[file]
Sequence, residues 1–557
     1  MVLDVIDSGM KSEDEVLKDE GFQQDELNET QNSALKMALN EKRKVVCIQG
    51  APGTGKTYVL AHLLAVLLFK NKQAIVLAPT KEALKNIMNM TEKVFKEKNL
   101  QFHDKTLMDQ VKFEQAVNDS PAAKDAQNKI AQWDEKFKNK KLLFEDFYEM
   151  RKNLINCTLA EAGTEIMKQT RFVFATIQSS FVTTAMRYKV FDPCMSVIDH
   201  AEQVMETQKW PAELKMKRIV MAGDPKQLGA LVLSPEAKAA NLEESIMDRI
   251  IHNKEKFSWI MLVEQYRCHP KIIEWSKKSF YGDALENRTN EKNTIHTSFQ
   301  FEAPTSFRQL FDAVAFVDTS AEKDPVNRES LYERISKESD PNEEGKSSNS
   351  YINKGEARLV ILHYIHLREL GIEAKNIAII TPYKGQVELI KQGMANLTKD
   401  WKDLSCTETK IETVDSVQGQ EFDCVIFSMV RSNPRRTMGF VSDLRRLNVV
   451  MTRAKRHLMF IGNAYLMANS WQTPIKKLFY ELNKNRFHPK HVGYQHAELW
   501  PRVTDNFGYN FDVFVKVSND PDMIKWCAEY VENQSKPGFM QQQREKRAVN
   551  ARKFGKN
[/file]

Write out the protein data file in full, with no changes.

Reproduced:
Sequence, residues 1–557
     1  MVLDVIDSGM KSEDEVLKDE GFQQDELNET QNSALKMALN EKRKVVCIQG
    51  APGTGKTYVL AHLLAVLLFK NKQAIVLAPT KEALKNIMNM TEKVFKEKNL
   101  QFHDKTLMDQ VKFEQAVNDS PAAKDAQNKI AQWDEKFKNK KLLFEDFYEM
   151  RKNLINCTLA EAGTEIMKQT RFVFATIQSS FVTTAMRYKV FDPCMSVIDH
   201  AEQVMETQKW PAELKMKRIV MAGDPKQLGA LVLSPEAKAA NLEESIMDRI
   251  IHNKEKFSWI MLVEQYRCHP KIIEWSKKSF YGDALENRTN EKNTIHTSFQ
   301  FEAPTSFRQL FDAVAFVDTS AEKDPVNRES LYERISKESD PNEEGKSSNS
   351  YINKGEARLV ILHYIHLREL GIEAKNIAII TPYKGQVELI KQGMANLTKD
   401  WKDLSCTETK IETVDSVQGQ EFDCVIFSMV RSNPRRTMGF VSDLRRLNVV
   451  MTRAKRHLMF IGNAYLMANS WQTPIKKLFY ELNKNRFHPK HVGYQHAELW
   501  PRVTDNFGYN FDVFVKVSND PDMIKWCAEY VENQSKPGFM QQQREKRAVN
   551  ARKFGKN